Gut Disorders May Raise Alzheimer’s Risk Health180

Alzheimer’s disease gradually destroys brain function, so much so that at some point you are unable to perform even everyday activities like going to the bathroom. Scientists continue to conduct studies to learn more about this condition. In this regard, a group of Australian researchers has made a new discovery, in which intestinal disorders seem to have an intimate relationship with this disease.

What is Alzheimer’s disease?


It is a brain disorder that damages the ability to think and memory. Over time, any task becomes more complicated to perform. The National Institute of Aging mentions that approximately 6 million people in the United States may have dementia as a result of Alzheimer’s disease. This disease ranks seventh among the leading causes of death in this country.

Unfortunately there is no cure and it is believed that by 2030 it will have affected approximately 82 million people.

What is the relationship between intestinal disorders and Alzheimer’s disease?


Edith Cowan University (ECU), led by Dr. Emmanuel Adewuyi, has conducted research by collecting genetic data from patients with bowel disorders and Alzheimer’s disease. The research results have been published in Communications Biology.

Scientists have discovered the common denominator between these two health problems: a gene. At present, it cannot be said that specific intestinal disorders are the ones that cause Alzheimer’s disease. Simon Laws, Professor and Director of the Center for Precision Health comments: “These findings provide further evidence to support the concept of the ‘gut-brain’ axis, a bi-directional link between the cognitive and emotional centers of the brain and gut function. .”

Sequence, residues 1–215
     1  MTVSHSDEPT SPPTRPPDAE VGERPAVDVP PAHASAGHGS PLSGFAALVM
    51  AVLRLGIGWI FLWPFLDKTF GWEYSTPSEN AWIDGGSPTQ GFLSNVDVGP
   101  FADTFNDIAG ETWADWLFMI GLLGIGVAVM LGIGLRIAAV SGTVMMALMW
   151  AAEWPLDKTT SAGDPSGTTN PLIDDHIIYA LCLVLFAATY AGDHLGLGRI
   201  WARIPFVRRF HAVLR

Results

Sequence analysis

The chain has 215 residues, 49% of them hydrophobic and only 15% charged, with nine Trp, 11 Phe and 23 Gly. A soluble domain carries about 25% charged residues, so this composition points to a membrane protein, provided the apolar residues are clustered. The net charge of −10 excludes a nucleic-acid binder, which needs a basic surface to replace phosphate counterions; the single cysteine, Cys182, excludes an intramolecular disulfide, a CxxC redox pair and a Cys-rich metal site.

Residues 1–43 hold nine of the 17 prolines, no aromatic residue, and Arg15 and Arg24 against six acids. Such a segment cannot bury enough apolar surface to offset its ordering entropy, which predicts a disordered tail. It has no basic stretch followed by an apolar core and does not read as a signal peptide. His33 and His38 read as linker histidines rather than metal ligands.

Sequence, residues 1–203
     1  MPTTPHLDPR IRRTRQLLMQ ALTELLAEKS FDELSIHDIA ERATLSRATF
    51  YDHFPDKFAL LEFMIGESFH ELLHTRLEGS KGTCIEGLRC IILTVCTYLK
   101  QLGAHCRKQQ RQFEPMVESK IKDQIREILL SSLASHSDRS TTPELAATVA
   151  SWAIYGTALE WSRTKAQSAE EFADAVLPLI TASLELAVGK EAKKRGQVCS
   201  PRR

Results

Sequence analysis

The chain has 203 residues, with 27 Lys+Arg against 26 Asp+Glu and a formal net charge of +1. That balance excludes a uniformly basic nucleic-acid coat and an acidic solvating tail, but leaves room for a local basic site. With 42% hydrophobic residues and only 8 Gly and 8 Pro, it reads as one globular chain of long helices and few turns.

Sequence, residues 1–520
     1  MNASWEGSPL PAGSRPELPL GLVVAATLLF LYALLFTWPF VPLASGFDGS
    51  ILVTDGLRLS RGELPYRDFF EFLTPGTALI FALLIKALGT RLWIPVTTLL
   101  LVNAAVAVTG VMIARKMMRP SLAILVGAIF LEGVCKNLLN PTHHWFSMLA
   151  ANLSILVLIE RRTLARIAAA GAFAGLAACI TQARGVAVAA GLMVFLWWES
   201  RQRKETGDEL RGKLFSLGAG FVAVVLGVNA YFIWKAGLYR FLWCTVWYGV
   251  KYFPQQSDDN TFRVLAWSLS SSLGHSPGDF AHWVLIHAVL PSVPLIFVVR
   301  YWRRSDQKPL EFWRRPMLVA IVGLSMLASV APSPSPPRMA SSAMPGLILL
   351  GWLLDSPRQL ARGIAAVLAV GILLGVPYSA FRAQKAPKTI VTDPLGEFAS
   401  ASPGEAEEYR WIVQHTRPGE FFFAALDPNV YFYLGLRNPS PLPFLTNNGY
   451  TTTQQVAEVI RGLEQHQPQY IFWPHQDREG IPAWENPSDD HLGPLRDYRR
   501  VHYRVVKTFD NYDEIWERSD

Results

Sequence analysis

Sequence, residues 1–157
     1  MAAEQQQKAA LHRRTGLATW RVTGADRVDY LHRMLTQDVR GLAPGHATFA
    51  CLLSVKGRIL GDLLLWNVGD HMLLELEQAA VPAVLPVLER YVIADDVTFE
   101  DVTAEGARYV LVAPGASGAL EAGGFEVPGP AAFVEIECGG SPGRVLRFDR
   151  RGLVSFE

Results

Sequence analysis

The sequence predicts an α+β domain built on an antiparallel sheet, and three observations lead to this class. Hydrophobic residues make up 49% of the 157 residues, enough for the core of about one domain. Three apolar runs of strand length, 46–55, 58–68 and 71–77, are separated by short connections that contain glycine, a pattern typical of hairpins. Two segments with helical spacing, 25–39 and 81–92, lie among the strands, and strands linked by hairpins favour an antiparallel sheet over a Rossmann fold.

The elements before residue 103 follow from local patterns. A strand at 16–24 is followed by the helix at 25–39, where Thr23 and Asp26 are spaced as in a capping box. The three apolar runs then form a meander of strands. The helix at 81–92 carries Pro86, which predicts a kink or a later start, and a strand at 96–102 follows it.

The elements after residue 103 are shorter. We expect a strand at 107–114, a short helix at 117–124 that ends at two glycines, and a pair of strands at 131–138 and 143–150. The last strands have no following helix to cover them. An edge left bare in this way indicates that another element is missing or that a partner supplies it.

In addition to genes research indicates that cholesterol is also a factor that influences both intestinal disorders and Alzheimer’s disease. Adewuyi explains, “Examination of genetic and biological characteristics common to AD (Alzheimer’s disease) and other intestinal disorders suggests important roles for lipid metabolism, the immune system and cholesterol-lowering drugs. “There is evidence that high cholesterol can be transferred to the central nervous system, leading to abnormal cholesterol metabolism in the brain.”

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The Role of Statins in Gut Disorders


Statins are drugs used to control or lower blood cholesterol. Almost all of the cholesterol that travels through the blood is produced by the liver. Statins are responsible for eliminating what is already circulating in the blood, says the Food and Drug Administration (FDA).

Dr. Adewuyi points out that this drug can reduce inflammation, modulate immunity and protect the gut.. Although there is still a lot to be studied to know the benefits of this drug in each individual patient.

Undoubtedly, in future research conducted, it would be of vital importance to take this new discovery on the relationship between intestinal disorders and Alzheimer’s disease as a benchmark.

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